Rare Cases of Cancer, Liposarcoma,Osteosarcoma


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Osteosarcoma, Liposarcoma -Rare Cases of Cancer:

Osteosarcoma, Liposarcoma -Rare Cases of Cancer V.MAHESH 11171R0043 Bharat Institute of Technology


Definition Cancer Rare Cancer Osteosarcoma Liposarcoma

Osteosarcoma :

Osteosarcoma Osteosarcoma is a type of cancer that produces immature bone. It is the type of cancer that arises in bones, and it is usually found at the end of long bones, often around the knee. Most people diagnosed with osteosarcoma are under the age of 25, and it is thought to occur more often in males than females.


Pathophysiology Once there is mutation of the DNA , it activates the oncogene which leads to a deactivation of the suppressor gene which causes a malignant osteoblast that leads to proliferation of abnormal osteoblasts . This causes formation of osteoid tissue . The osteoid tissue causes uncontrolled growth of the tumor in the bone and therefore overcrowding of the bone. There is then suppression of red bone marrow which leads to decreased production of  blood cells. A decrease in RBC leads to anemia while a decrease in WBC leads to a lowered infection resistance . The over crowding also causes pressure inside the bone which is a main cause of pain and fractures . The cancer then metastasizes spreading to other parts of the body especially the lungs , kidneys , CNS , liver and the spleen .




causes A s a result of radiation to an area of the body . Specific genetic changes and diseases


symptoms Most people with osteosarcoma do not feel sick . Patients may have a history of pain in the affected area and may have developed a limp. Often the pain is thought to be related to muscle soreness or "growing pains," but it does not go away with rest. Pathological fracture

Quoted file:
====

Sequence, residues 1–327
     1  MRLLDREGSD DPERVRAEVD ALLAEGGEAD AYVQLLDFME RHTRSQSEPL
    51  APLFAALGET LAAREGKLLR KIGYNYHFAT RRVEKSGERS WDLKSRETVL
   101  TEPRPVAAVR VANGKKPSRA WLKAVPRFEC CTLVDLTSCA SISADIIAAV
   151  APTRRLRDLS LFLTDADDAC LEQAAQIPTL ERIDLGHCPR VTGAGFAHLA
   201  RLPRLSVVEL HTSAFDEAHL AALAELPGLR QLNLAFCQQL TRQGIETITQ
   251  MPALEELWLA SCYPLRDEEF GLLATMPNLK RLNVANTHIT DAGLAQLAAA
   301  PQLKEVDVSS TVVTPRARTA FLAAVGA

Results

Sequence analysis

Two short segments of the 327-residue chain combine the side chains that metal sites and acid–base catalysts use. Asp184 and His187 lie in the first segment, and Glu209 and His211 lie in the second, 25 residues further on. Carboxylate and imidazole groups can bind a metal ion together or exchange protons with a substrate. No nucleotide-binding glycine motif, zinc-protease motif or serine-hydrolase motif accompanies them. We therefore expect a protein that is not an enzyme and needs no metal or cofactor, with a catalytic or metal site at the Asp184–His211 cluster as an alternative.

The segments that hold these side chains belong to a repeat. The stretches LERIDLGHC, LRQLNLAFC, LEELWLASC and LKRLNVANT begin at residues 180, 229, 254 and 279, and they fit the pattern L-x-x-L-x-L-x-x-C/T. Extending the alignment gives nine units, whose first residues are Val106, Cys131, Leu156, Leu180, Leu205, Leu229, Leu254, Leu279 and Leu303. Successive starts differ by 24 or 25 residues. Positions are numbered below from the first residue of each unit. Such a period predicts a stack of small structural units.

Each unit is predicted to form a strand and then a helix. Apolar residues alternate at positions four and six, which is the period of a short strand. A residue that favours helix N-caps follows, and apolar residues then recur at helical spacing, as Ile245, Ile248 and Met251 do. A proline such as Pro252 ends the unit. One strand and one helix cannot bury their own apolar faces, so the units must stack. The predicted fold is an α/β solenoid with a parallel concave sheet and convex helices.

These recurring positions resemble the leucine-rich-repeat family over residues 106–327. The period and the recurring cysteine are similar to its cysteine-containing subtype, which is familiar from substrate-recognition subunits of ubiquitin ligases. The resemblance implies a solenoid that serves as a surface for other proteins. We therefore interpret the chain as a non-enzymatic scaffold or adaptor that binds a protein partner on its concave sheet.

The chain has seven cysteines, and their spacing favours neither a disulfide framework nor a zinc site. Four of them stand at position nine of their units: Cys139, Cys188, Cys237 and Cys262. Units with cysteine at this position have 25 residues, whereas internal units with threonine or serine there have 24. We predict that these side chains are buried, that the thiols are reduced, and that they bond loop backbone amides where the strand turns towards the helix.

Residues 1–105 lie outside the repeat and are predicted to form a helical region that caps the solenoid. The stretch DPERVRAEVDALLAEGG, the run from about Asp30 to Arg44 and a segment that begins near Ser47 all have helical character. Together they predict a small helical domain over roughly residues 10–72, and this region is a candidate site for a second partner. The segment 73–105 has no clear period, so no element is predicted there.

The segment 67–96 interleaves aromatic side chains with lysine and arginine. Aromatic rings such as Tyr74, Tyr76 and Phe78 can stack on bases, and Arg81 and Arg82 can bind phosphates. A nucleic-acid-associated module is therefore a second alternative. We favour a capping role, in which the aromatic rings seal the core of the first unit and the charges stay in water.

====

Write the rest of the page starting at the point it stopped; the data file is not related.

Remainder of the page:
diagnosis An MRI of the entire bone where the primary tumor is located A chest x-ray and CT scan of the chest to detect lung metastases A bone scan of the body to rule out distant spread of the disease A biopsy of the tumor, which provides a definite diagnosis based on the characteristics of tumor tissue seen under a microscope .


treatment Osteosarcoma is often treated with a combination of therapies that can include surgery, chemotherapy and radiation therapy. Most patients with high grade tumors receive about three months of chemotherapy, known as neo-adjuvant therapy, before surgery. An amputation or rotationplasty is the best way to completely remove the cancer and restore the patient to a functional life. Though radiation therapy is not widely used in osteosarcoma treatment, it can be effective and is occasionally recommended, especially when a tumor is difficult to remove surgically or when residual tumor cells remain after surgery.

Drugs used:

Drugs used Methotrexate Methotrexate is part of a general group of chemotherapy drugs known as anti-metabolites . It prevents cells from using folate to make DNA and RNA. Because cancer cells need these substances to make new cells, methotrexate helps to stop the growth of cancer cells . Doxorubicin Doxorubicin is part of a group of chemotherapy drugs known as anthracycline antibiotics. It slows or stops the growth of cancer cells